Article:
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There's something disconcerting about seeing a Brit and an Aussie plunge themselves deep into south-side Chicago accents for an hour and a half. But theatergoers had packed the house for the opportunity when I saw the Broadway production of A Steady Rain by local playwright Keith Huff.
Obviously, it wasn't Huff’s mediocre, brutal, chronologically challenged two-hander that drew the crowds, but the particular Brit and Aussie on the bill: mega-hunk movie stars Daniel Craig and Hugh Jackman, who play beat cops Denny and Joey. The two share the minimalist stage for the duration, each unfolding his version of the chain of career- and life-wrecking events that follow from Joey inviting a prostitute to a family dinner.
It was bold of Craig and Jackman to take on the play: with no intermission and no scene breaks but plenty of winding, five-page monologues, it might as well have been specially designed to mortify actors used to the luxury of multiple takes. Indeed, Jackman flubbed his lines a few times at the performance I saw and laughed out of character at one point, as if expecting a director to yell “cut.” The two aren’t allowed to look sexy, either. Craig is downright frumpy in his cheap suit and mustache, while Jackman plays a braying racist jackass.
And then there's that south-side accent.
“It was very hard,” says their dialect coach, Jess Platt. “We only had five weeks to work before the show opened, and I had to get some of the sounds of Chicago in there.”
Platt, who has worked with Jackman on film sets for over ten years, is trained as a speech pathologist and speaks with the faint remnant of a New York accent. "It’s very hard for a British person to pronounce a medial ‘r’ sound,” he says, offering the word “department” as an example. Platt also struggled to corral the addition of final “r” sounds to words like “idea.”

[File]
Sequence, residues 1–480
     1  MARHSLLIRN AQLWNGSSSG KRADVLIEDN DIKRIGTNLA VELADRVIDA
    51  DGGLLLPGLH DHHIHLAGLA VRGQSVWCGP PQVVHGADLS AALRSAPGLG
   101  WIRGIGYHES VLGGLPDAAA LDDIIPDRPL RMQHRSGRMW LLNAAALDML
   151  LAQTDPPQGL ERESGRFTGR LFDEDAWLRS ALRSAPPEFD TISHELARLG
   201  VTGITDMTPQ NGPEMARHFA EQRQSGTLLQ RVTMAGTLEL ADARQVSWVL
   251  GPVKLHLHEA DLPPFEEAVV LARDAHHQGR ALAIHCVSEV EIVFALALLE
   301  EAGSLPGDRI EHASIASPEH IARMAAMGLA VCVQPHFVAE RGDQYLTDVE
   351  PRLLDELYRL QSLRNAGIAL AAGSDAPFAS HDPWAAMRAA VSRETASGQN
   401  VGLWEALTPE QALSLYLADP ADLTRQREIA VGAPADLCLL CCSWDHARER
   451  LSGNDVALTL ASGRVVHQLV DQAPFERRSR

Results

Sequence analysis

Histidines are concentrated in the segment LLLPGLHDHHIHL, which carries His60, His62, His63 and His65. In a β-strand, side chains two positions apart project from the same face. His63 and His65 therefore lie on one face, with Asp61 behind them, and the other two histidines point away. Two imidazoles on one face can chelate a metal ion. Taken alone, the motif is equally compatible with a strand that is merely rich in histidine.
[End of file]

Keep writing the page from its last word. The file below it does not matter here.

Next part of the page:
“Hugh had trouble with one line in particular. When he goes over to [the prostitute's] house the first time, he would always say, ‘The baby is glommed on to gazunger numba two,’ ”—mixing up the final sounds of the two words. “When I was watching at performances, he’d give me a sign with his finger after that line—point up if he got it right, or make a little ‘no no’ wag if he got it wrong.”
“We’re so used to movies, it’s the hardest thing we’ve ever done,” Platt confessed.
The accent they ended up with is more intense than nearly any I’ve heard in real life. Platt objected when I made a comparison to the Bears superfans, but it was apt—Craig and Jackman's pronunciations were as over-the-top as the narrative’s body count, and I became uncomfortably numb to both after a while.
It’s fantastic to see an off-Loop production make the jump to Broadway and bask in the glow of big stars. But the minstrelsy of Craig and Jackman portraying racist Chicago cops for an audience of well-larded tourists and smug New Yorkers set me on edge—especially since there's nothing about the story that locates it specifically in Chicago aside from a few shoehorned references to local streets. Intentionally or not, the south-side accent became a convenient way to lend false authenticity to a play that isn’t really about Chicago at all.